in part: “Every person who loiters about any school or public place at or near which children attend or normally congregate and who remains at any school or public place at or near which children attend or normally congregate, or who reenters or comes upon a school or place within 72 hours, after being asked to leave by the chief administrative official of that school or, in the absence of the chief administrative official, the person acting as the chief administrative official, or by a member of the security patrol of the school district who has been given authorization, in writing, by the chief administrative official of that school to act as his or her agent in performing this duty, or a city police officer, or sheriff or deputy sheriff, or Department of the California Highway Patrol peace officer is a vagrant, and is punishable by a fine of not exceeding one thousand dollars ($1,000) or by imprisonment in the county jail for not exceeding six months, or by both the fine and the imprisonment.”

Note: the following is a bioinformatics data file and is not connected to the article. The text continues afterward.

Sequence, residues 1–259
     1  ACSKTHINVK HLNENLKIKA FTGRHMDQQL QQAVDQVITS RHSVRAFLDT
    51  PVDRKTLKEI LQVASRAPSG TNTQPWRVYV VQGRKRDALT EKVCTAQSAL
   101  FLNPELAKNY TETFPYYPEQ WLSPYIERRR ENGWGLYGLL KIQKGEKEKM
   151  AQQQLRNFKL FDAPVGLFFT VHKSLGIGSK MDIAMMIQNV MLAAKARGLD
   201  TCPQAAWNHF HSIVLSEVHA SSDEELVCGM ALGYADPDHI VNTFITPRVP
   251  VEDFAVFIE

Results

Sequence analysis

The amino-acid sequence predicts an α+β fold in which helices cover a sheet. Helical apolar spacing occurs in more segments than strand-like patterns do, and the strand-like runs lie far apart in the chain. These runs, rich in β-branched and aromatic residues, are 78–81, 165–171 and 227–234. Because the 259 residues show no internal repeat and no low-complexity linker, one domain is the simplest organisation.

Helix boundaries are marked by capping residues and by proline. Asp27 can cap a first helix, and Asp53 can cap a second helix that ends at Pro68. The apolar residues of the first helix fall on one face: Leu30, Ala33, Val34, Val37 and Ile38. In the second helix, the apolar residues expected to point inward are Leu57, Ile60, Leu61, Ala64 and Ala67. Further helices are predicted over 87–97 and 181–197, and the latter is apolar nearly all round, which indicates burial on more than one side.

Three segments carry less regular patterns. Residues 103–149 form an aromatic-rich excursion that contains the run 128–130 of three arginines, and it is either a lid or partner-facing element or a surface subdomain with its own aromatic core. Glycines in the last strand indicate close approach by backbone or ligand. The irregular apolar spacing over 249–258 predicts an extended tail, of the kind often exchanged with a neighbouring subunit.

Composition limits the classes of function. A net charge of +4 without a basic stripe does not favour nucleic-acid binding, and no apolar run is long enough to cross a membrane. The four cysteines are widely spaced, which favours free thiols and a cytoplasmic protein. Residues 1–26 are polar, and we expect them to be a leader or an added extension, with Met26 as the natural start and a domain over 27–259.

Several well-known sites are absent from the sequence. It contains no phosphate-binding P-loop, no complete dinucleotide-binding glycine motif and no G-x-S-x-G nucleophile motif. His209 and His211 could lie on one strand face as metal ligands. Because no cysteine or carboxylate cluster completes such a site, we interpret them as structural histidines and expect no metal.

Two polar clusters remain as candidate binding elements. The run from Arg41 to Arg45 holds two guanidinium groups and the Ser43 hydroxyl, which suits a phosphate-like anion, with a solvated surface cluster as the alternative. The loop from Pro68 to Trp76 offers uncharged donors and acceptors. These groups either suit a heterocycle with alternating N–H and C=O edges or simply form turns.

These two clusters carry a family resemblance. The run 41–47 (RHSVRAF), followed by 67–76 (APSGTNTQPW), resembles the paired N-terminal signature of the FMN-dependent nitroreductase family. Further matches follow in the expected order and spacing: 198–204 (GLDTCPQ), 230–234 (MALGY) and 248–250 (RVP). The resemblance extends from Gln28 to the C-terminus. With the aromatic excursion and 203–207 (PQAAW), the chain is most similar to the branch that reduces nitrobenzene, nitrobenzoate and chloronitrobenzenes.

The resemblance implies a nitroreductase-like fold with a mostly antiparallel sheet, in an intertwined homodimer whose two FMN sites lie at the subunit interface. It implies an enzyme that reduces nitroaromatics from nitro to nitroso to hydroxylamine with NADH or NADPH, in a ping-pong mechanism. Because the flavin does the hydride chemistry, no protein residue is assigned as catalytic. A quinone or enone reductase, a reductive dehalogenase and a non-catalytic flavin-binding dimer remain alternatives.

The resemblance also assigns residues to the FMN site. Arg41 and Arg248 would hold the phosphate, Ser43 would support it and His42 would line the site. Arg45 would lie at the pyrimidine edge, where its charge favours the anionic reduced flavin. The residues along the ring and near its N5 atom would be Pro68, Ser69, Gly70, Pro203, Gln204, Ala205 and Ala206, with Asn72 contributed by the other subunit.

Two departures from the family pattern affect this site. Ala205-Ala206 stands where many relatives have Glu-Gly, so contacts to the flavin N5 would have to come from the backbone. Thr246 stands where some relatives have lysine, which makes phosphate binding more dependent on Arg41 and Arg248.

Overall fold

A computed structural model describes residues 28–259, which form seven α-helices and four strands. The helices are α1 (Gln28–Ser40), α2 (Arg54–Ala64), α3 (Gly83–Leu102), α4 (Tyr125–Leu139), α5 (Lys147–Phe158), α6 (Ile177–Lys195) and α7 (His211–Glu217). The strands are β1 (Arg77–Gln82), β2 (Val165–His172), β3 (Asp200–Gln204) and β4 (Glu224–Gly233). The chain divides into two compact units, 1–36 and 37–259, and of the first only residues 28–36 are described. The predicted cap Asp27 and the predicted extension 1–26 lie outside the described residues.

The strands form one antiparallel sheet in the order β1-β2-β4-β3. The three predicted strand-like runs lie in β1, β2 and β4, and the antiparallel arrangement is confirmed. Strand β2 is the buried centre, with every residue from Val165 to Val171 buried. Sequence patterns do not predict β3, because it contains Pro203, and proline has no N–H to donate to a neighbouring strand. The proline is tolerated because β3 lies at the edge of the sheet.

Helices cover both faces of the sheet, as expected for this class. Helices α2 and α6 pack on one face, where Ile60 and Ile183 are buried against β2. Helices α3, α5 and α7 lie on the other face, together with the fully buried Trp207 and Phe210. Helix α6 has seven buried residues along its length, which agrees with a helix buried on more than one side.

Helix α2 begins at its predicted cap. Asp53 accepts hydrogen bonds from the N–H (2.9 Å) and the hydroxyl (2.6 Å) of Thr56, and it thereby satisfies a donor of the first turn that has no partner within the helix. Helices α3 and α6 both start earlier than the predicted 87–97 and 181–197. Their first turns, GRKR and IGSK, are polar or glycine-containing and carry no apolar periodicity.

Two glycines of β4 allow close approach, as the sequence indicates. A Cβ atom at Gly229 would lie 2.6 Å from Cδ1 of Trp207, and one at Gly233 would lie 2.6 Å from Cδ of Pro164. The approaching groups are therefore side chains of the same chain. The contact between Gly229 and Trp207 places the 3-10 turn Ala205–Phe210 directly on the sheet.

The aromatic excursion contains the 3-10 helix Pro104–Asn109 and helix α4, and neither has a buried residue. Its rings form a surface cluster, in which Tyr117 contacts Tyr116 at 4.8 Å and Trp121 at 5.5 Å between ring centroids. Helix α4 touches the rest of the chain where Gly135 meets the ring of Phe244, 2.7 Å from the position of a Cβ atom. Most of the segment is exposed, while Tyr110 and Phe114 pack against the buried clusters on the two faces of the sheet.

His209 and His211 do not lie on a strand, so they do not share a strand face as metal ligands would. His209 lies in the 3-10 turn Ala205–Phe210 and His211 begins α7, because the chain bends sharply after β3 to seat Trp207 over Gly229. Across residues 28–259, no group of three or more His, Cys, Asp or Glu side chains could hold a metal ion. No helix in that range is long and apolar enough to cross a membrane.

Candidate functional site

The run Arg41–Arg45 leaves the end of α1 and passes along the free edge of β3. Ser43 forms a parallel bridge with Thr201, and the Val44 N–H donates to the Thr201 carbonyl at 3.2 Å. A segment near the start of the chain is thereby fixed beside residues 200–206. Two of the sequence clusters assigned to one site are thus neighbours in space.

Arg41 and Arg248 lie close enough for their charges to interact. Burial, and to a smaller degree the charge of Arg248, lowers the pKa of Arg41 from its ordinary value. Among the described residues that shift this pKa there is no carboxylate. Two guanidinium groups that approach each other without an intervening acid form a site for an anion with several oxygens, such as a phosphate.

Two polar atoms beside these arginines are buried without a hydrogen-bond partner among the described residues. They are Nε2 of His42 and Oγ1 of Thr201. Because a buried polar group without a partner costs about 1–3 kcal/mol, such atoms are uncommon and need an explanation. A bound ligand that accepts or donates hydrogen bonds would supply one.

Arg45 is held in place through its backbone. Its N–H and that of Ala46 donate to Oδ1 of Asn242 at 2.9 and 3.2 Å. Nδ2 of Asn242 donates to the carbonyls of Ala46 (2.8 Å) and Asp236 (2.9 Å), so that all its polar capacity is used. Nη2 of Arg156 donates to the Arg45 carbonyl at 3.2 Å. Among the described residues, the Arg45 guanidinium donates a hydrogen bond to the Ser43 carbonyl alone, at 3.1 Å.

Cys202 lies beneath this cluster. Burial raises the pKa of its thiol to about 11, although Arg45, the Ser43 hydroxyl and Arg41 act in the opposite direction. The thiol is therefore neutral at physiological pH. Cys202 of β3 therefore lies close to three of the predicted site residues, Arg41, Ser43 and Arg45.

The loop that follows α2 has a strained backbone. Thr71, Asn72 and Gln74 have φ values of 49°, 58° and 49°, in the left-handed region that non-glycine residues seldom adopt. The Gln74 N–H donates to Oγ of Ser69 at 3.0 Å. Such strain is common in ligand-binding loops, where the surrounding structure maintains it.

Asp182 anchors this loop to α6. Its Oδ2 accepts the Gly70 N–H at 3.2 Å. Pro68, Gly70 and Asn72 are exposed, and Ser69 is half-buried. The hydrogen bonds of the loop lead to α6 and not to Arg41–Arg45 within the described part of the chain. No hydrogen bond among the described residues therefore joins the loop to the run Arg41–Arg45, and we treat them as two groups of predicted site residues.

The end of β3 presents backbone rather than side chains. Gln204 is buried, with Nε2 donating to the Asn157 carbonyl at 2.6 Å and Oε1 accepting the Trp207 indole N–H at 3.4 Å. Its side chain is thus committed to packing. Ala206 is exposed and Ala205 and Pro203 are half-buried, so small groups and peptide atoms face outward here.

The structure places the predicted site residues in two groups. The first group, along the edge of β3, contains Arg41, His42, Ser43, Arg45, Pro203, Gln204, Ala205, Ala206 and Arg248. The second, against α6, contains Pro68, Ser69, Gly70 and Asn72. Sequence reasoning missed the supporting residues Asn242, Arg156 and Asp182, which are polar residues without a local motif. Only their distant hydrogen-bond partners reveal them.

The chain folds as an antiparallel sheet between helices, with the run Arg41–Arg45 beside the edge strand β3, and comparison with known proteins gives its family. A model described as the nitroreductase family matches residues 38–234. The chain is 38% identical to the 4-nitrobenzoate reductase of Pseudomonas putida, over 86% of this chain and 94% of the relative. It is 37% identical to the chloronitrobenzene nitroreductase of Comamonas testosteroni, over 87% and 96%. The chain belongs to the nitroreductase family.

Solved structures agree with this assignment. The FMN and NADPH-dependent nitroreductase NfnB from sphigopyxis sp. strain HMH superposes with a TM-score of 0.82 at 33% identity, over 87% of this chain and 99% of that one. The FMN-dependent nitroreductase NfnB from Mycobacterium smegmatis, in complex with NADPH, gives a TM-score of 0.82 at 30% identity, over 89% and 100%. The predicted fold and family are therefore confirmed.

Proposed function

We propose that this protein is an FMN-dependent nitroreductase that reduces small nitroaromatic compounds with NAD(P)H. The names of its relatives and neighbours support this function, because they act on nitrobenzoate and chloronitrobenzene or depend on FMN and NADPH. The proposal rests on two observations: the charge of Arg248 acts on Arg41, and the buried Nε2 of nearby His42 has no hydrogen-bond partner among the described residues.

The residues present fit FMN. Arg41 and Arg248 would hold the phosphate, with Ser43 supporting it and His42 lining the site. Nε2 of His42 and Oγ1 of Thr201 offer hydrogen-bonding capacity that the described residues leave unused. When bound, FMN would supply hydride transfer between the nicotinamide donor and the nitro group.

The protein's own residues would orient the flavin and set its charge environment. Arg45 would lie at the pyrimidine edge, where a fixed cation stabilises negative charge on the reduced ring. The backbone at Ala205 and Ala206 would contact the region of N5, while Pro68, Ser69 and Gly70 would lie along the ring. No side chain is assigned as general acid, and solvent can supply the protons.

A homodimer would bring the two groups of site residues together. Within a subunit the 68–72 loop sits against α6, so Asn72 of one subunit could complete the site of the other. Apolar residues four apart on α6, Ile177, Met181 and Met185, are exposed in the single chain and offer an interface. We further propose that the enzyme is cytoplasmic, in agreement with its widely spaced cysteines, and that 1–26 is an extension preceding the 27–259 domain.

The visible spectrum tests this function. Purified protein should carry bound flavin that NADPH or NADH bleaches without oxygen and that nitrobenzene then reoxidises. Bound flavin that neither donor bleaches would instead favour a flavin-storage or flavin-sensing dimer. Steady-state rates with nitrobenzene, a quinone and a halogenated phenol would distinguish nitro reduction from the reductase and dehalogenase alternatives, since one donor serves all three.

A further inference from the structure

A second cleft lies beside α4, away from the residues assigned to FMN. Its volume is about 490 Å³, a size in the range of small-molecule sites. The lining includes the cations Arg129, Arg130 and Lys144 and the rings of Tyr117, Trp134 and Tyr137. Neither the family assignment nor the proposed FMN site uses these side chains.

Thus, the proposed ordinance poses no equal protection concern so long as it is rationally related to a legitimate state purpose. With regard to this so-called “rational basis” test, the California Supreme Court in Kasler v. Lockyer (2003) 23 Cal.4th 472, 481482, quoted from Warden v. State Bar (1999) 21 Cal.4th 628, 644, as follows: “. . . . ‘As both the United States Supreme Court and this court have explained on many occasions, “[i]n areas of social and economic policy, a statutory classification that neither proceeds along suspect lines nor infringes fundamental constitutional rights must be upheld against equal protection challenge if there is any reasonably conceivable state of facts that could provide a rational basis for the classification. [Citations.] Where there are ‘plausible reasons’ for [the classification] ‘our inquiry is at an end.’ ” [Citations.]’ ” As stated earlier, we find that restricting the use of the tot lot playground equipment to young children is rationally related to the legitimate purpose of best maintaining the equipment for its intended use. Put another way, the city council may reasonably and plausibly conclude that the contemplated age restriction will result in safer play equipment and a safer play experience for the young children for whom the equipment was designed. The restriction, therefore, would not violate the equal protection rights of those excluded from using the tot lot facilities. We conclude that a city ordinance may limit the use of play equipment that is designed for small children and located within an area of a city park known as a “tot lot” to the use of young children. *****